Edge Of Darkness

Mel Gibson is in front of the camera for the first time in a while, leaving the behind the scenes work to a director who has form for action thrillers. Martin Campbell is the man most famously responsible for the excellent Bond re-boot Casino Royale (and also the pretty good Goldeneye). Here he directing a movie version of his own 1985 television series of the same name.

It’s not a series I know at all. The story has a similar feel to another recent big-screen version of a television thriller  – State Of Play. Edge of Darkness shares some common ground with that story – a sense of paranoia, corporate suspicion and well-meaning individuals in over their heads. This is a decent thriller – it’s always a good sign when a thriller director doesn’t need to explain everything. It’s entertaining, and of course Gibson can do this sort of thing in his sleep. Which is more or less what he seems to do here – it’s not that his performance is bad, it’s just that it….well, just is. There he is, an ex-husband whose wife is we-know-not-where. There he is not drinking.  There he losing his daughter to a lone gunman. There he is on the trail of a truth that takes us to the dark heart of shadowy corporations and sinister conversations with a deep-voiced Ray Winstone. There he is – doing what we expect Mel Gibson to do in a thriller – nothing more, nothing less.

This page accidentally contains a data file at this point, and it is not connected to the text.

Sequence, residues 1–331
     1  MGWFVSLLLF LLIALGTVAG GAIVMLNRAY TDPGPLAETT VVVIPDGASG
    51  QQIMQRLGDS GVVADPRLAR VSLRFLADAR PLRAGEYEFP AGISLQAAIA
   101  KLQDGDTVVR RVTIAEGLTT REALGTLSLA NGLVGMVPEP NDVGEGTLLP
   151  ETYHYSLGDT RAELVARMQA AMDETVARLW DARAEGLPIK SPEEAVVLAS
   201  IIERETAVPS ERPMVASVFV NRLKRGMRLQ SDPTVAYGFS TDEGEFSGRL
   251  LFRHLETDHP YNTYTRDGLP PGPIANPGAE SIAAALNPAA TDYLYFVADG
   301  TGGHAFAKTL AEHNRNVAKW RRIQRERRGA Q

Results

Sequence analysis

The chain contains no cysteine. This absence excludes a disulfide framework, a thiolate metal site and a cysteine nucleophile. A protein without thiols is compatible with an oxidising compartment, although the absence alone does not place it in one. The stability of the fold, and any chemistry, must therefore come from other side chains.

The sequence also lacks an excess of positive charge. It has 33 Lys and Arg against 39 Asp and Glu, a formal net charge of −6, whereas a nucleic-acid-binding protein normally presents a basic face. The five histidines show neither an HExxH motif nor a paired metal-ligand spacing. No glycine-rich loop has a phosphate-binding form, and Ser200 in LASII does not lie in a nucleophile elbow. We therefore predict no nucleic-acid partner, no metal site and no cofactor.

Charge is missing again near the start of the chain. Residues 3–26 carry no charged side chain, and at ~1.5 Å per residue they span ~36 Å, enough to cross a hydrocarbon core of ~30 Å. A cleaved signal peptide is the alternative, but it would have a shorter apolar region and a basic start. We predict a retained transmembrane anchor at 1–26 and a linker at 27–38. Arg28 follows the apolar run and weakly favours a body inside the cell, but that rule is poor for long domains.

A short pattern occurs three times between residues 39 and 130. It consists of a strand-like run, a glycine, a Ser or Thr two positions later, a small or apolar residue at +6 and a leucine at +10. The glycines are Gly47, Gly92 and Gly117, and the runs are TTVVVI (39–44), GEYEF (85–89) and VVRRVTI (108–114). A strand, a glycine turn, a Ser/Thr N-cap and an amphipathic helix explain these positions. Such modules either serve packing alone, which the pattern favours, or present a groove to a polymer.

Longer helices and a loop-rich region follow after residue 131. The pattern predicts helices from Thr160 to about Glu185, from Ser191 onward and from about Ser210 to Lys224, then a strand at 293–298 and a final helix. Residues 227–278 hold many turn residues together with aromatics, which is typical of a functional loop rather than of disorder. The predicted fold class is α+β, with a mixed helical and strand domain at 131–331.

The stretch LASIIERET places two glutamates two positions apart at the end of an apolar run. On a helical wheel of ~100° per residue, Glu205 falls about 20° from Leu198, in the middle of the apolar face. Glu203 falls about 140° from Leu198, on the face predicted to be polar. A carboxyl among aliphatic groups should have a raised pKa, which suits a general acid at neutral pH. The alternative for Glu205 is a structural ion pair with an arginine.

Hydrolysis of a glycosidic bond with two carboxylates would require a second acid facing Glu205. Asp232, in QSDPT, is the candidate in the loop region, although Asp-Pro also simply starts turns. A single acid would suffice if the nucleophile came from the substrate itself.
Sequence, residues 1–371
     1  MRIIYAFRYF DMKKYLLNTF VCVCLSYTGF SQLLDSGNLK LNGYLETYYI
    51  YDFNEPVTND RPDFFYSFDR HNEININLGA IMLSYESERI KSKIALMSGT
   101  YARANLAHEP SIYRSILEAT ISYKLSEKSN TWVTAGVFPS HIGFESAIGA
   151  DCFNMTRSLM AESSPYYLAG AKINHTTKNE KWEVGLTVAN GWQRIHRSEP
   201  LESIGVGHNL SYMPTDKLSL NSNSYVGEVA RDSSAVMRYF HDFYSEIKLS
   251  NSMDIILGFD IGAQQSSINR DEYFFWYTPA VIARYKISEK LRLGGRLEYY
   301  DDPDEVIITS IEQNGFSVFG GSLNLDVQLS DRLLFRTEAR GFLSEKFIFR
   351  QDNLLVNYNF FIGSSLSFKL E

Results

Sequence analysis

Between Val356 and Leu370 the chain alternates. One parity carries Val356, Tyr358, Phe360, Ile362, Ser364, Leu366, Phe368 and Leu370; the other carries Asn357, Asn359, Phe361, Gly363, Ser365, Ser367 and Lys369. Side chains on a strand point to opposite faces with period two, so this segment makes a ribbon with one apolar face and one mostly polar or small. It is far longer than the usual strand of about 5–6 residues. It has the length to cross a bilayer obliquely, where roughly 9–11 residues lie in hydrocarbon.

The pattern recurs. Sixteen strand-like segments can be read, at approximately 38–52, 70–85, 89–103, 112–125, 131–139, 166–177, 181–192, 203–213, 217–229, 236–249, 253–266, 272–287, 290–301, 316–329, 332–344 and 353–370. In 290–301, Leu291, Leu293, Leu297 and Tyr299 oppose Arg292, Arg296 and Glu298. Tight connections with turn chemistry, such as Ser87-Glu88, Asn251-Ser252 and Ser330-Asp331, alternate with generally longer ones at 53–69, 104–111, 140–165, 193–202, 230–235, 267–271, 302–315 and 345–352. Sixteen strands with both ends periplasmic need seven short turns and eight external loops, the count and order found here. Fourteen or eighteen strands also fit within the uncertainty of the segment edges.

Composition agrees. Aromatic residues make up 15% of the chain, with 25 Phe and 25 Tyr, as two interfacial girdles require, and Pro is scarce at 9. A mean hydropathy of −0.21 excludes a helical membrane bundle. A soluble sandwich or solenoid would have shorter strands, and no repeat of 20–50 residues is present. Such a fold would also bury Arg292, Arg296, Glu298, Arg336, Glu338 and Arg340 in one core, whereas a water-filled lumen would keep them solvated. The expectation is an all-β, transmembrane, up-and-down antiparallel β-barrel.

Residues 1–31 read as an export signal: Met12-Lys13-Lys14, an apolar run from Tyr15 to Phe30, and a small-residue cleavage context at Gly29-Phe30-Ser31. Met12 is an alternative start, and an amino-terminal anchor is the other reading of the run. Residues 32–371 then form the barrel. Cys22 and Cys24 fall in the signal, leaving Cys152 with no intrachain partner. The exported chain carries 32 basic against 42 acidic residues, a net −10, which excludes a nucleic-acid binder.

While the State Of Play had a good dose of the series’ paranoia, pace and the sense of a mystery unravelling that you can never quite pin down, Edge Of Darkness comes up short. Stuff happens, then it doesn’t and it all goes a bit quiet. More stuff happens, then it’s quiet again; then it all speeds up a bit at the end with a climactic crisis that would have been taut beyond belief stretched over 2-3 episodes of gradually building hints, but here happens so quickly that in the end you just shrug and wait for a shoot-out and the credits. It’s not a bad film, it’s just a little dull. Which is precisely what Martin Campbell, Ray Winstone and Mel Gibson are not known. Shame.

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One thought on “Edge Of Darkness

  1. …whereas I enjoyed it and found Mel Gibson’s performance perfectly good. At the start he was a slightly obsessive yet not-showing-his-emotions type single parent, then the terrible event happens and he goes into an emotionless state of shock, almost into autopilot. I think that was quite appropriate and well played.

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